This episode brought to you by the letter “c”, as in “co-dependent”, “cults”, and “courteous”. These words are all relevant, promise.
The Winchesters have been separated since “Road Trip”, and their lives have been even more eventful apart. Dean met Cain and now has his mark (think “Death Eater” but without the accents), Sam was maybe/probably/kind of sexually assaulted by one angel and saved by another’s questionable methods. Even Dean knows how wrong his explanation sounds. But now they are forced together again by the sudden reappearance of everyone’s favorite surrogate Bobby, Garth (idjits!).
Garth has been missing for months and turns up, unconscious, in a hospital in Wisconsin. In the same town as some strange cattle mutilations. Garth wakes up and is surprised to see the Winchesters, naturally, but he’s still adorable and huggable even when he runs to the restroom to throw up. A few minutes later the sounds in the bathroom quiet, and the boys realize Garth has given them the slip. They track him to his rundown apartment and demand an explanation. Everything Garth says is magical. I agree that Sam and Dean's jawlines are intimidating, and that’s why he bolted. Also because his wife is a werewolf and she is (quite heavy-handedly) hiding in the closet (the writers are very good at subtext, you guys).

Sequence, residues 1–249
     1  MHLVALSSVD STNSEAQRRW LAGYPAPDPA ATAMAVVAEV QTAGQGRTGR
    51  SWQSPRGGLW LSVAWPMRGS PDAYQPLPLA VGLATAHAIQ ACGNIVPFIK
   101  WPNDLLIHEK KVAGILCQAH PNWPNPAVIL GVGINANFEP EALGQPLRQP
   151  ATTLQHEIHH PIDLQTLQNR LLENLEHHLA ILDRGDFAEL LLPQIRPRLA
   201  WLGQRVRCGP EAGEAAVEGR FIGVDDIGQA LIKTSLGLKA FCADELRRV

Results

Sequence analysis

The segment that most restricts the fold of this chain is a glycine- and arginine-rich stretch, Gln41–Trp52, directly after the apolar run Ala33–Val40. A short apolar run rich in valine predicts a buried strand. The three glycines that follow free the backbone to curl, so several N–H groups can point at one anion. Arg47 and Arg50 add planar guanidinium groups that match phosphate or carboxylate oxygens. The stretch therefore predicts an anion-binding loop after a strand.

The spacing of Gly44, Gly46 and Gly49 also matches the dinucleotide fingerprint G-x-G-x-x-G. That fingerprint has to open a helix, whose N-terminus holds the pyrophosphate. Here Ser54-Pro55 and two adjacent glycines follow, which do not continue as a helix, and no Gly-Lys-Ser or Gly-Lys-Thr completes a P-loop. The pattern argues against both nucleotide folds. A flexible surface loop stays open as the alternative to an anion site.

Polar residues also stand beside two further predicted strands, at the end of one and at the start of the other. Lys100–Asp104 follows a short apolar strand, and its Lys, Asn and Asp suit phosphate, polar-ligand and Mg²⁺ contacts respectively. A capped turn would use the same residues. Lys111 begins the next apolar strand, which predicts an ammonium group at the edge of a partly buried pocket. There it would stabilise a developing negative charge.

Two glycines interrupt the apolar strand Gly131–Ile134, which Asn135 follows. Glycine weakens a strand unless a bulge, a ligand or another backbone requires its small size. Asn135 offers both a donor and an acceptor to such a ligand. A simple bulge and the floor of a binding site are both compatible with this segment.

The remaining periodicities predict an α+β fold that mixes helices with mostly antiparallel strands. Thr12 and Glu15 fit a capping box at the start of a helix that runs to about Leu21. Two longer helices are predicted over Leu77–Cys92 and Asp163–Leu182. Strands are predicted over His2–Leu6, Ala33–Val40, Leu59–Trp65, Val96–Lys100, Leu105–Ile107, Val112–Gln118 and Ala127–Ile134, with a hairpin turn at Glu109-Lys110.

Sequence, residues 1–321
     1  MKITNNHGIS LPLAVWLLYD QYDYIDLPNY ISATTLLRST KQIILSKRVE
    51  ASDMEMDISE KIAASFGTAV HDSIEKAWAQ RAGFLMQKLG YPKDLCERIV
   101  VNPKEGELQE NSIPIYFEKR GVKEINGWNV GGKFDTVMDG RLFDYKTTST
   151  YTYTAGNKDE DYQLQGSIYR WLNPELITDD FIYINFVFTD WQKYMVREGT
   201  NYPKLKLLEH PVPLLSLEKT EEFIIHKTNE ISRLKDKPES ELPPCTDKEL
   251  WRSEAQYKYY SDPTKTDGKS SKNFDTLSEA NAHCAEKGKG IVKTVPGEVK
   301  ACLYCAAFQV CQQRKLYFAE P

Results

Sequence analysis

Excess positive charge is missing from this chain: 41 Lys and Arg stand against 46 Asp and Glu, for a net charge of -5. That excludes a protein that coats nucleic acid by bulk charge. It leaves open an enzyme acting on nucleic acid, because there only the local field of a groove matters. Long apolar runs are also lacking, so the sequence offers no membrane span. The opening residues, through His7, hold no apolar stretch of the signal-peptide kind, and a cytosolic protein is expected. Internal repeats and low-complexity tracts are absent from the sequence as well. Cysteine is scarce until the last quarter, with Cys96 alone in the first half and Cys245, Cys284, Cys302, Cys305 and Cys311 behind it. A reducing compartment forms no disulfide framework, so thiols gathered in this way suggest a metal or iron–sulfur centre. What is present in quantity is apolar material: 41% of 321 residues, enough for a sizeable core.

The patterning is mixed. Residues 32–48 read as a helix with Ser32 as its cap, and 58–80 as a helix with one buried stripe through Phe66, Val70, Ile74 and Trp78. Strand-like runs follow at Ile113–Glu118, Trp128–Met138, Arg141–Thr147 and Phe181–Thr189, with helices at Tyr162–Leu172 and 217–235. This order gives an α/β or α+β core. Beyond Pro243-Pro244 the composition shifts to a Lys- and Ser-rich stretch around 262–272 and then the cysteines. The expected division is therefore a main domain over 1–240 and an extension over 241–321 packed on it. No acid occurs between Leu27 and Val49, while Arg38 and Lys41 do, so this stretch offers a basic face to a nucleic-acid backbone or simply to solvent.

Garth explains that he was bitten by a werewolf while working a case, and his wife, Bessa, took him in afterwards. Unlike Garth, Bessa is a second-generation werewolf. Dean kind of struggles with this because he is
often a dick (Kaylee/Amy Pond #neverforget). These werewolves are good ones, though, and they only eat cattle organs instead of human ones (hence all the cattle mutilations). Again Dean struggles, this time with the “good” monster concept (again, #neverforget).